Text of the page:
If you like charts and want some suggestions on where to start based on your preferences, DickBlick has a good comparison chart on airbrushes.

Who Uses Airbrushes

If you want to see some samples of airbrushed work, there's a number of pros out there who you can check out.

Please feel free to leave comments with additional tips and suggestions for airbrushes.  If you've also been using an airbrush for your hobby, I'd love to know what kind or airbrush you have and your thoughts on it.

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3 Responses so far.

  1. Very nice article! I'm looking to get an airbrush myself. It would really be a great asset for speeding up painting time and still getting good results.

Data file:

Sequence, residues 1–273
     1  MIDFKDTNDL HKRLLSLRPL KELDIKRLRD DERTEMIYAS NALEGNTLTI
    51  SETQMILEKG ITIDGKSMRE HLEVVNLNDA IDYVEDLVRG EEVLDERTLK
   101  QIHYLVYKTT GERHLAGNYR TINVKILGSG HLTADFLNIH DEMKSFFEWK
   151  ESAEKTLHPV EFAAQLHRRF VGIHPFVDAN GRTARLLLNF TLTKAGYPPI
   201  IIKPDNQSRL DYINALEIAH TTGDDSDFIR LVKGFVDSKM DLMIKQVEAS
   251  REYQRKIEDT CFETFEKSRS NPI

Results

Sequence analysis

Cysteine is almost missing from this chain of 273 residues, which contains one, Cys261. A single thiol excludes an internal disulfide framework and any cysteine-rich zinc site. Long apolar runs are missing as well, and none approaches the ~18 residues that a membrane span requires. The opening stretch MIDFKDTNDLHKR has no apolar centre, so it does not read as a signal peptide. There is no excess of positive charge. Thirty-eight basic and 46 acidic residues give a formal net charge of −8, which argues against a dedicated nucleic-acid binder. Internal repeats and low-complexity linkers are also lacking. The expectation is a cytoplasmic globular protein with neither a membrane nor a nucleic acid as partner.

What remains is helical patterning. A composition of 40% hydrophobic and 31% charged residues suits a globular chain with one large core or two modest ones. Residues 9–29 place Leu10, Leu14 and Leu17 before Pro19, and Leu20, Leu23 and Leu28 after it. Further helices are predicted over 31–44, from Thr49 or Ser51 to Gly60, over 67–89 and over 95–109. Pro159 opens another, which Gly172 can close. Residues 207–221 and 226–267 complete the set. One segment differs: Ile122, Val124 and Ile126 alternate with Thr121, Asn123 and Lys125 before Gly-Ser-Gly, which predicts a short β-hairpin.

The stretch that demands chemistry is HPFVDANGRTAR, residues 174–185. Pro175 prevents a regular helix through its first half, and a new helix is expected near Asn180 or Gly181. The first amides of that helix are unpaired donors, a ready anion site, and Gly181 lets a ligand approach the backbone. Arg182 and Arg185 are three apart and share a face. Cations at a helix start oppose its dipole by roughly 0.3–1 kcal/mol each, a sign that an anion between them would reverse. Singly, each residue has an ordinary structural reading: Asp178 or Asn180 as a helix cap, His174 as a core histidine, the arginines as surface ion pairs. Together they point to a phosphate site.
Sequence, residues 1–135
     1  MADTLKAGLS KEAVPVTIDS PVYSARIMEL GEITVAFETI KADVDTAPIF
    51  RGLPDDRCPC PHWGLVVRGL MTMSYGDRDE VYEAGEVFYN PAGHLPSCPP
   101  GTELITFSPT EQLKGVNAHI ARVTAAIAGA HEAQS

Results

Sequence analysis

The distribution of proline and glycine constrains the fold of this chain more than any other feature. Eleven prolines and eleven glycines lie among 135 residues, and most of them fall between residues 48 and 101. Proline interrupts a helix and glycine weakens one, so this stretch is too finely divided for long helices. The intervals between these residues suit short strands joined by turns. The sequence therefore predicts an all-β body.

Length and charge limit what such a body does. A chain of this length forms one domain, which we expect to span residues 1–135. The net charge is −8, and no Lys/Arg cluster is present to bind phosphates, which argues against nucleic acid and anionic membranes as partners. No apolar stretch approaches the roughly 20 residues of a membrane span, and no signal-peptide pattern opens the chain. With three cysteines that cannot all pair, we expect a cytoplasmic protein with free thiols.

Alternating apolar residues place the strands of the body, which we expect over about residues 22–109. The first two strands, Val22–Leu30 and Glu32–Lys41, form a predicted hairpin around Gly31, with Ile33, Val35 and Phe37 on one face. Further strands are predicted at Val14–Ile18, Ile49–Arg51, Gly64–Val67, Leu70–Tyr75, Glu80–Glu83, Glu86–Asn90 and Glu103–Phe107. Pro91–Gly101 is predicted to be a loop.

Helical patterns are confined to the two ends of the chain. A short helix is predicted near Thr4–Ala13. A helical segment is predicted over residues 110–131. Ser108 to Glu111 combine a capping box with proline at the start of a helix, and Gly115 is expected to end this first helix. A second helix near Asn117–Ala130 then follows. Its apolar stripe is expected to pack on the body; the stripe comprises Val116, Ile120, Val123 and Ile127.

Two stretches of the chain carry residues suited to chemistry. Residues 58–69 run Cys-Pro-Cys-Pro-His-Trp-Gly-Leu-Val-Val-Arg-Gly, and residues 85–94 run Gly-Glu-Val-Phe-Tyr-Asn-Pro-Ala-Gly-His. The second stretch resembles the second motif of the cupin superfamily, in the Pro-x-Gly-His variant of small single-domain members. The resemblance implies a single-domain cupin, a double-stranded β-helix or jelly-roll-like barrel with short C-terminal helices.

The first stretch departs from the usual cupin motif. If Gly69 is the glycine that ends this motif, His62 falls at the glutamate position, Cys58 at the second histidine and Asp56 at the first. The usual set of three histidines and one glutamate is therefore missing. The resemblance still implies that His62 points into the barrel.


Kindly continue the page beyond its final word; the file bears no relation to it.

The model I want to get is this one: . All I would need to add is an air compressor. That will actually be the most expensive part, since the cheapest they go for on eBay is $90.

  2. Kelly says:

    Excellent article! Another good link:

    Matthieu Fontaine's article on airbrushes is excellent as well, and there's a few great tutorials on how he uses it. Interestingly enough, while he used to be a big H&S fan, like Les Bursley, he's also been recently converted to Badgers too.

  3. @Euen: Thanks! Airbrushing does really help with the speed of painting, especially basecoats. I was able to get twenty Grey Hunters primed (with airbrush) and basecoated in a couple of hours.

    @Kelly: Thank you! I love Matthieu Fontaine's work, they're just so awesome. That is definitely a great article on airbrushes as well, I'll have to look through it. I'm surprised that he switched from H&S to Badger, I may have to check it out, I have had my eye on the Badger Krome.